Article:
PUZZLING QUESTIONS- Why is the insurance industry using auto glass manufacturers to adjust and process auto glass claims (conflict of interest) and ignoring the manufacturing defect causing most replacements? Doesn’t it seem like the defect is intentional since it is so easy to cover it? Since windshield replacements are so easily eliminated, could the insurance industry be using windshield replacement claims as an excuse to increase insured’s rates with and/or without going through state approval? When you make a claim they can increase your rates in many states, just like a traffic ticket.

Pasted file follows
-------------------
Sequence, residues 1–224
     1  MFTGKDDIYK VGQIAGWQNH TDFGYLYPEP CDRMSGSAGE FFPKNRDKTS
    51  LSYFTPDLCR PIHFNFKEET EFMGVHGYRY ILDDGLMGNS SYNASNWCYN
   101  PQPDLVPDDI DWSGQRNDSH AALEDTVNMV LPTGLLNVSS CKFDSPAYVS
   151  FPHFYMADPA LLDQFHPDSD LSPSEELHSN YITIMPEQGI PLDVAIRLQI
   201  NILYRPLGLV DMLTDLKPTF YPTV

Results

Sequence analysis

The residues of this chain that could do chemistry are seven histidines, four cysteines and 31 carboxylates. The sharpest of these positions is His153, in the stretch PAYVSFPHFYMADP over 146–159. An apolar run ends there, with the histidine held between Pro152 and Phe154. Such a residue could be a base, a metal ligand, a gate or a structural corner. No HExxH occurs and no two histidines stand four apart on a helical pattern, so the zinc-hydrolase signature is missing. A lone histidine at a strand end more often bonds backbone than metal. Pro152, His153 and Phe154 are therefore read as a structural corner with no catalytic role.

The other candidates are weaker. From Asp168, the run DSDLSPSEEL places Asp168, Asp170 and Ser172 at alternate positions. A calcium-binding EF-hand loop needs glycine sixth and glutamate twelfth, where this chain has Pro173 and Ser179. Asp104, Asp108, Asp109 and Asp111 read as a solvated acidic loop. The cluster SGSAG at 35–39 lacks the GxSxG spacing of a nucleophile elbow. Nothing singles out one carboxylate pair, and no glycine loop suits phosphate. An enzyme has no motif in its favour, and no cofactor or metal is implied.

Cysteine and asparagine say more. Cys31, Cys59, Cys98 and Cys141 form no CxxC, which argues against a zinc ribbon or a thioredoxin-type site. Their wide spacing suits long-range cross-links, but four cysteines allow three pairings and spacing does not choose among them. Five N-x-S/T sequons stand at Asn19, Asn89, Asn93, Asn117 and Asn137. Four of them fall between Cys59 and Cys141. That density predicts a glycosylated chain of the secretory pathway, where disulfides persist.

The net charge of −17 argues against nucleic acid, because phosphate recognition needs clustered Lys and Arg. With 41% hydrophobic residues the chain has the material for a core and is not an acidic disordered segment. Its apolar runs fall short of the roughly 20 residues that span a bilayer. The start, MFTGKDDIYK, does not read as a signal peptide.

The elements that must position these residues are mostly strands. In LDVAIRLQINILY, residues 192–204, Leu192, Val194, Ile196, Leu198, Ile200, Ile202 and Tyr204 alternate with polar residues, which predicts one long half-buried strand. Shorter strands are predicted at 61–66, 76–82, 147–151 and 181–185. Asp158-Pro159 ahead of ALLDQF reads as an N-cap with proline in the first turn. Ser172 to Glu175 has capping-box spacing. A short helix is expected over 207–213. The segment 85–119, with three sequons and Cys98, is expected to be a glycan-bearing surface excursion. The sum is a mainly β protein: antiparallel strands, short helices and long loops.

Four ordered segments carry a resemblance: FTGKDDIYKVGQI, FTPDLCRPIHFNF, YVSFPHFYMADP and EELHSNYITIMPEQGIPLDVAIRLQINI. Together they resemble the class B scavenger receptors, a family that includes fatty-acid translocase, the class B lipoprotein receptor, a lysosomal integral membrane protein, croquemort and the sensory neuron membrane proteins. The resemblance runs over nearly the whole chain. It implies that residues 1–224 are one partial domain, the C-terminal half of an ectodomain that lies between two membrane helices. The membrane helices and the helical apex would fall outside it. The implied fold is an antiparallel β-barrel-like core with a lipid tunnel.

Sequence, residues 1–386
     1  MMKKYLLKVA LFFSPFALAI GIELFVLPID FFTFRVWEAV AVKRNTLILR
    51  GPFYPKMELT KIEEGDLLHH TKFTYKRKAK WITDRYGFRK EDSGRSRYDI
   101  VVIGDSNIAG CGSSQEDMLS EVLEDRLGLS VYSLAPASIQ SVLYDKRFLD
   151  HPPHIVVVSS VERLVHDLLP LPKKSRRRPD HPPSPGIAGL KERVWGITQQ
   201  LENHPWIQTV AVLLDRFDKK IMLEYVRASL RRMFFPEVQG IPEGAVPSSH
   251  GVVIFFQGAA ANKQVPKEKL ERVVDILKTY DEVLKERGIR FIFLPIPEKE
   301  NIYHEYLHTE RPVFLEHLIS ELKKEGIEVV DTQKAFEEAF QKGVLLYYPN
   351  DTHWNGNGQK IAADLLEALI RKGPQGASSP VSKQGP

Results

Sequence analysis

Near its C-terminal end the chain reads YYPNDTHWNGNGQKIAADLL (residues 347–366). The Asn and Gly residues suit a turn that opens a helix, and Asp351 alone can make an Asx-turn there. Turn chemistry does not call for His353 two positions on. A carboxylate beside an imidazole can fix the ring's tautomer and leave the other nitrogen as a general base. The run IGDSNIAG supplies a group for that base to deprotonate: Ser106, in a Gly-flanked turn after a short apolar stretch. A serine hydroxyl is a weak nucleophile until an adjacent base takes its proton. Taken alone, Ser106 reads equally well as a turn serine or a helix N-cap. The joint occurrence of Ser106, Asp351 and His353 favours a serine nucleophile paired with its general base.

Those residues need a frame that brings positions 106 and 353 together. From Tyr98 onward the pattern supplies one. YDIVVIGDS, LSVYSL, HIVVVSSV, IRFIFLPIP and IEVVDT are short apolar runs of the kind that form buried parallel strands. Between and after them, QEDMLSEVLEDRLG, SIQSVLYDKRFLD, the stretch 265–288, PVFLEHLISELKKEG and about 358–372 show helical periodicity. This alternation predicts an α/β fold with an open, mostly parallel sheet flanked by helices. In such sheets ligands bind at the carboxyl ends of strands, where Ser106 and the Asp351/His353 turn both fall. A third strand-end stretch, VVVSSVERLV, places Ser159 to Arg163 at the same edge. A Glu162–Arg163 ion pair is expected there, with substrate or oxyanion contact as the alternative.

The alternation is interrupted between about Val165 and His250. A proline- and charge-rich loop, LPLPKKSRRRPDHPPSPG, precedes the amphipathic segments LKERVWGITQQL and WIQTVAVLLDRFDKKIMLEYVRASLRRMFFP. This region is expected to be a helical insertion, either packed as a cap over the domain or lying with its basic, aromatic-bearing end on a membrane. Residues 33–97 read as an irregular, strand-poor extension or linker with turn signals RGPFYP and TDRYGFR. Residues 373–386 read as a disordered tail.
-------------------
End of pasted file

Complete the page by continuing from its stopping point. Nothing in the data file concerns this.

CONCLUSION- The multi-billion dollar windshield replacement industry exists because of a (curable and repairable) defect. The insurance industries present repair policies being enforced by windshield manufacturers prevents repairing or eliminating the subsequent edge crack. Their present policies also guarantee to never put more than a 10- 20% decrease in replacements and that is IF every stone break was repaired (never happen) and that in itself would cost billions, making it a multi-billion dollar loss and IF every auto glass shop repaired short cracks (could happen). That is why the present polices has never and will never affect the number of replacements or reduce the dollars spent on windshields, which is alleged to be fifty percent of the comprehensive premium.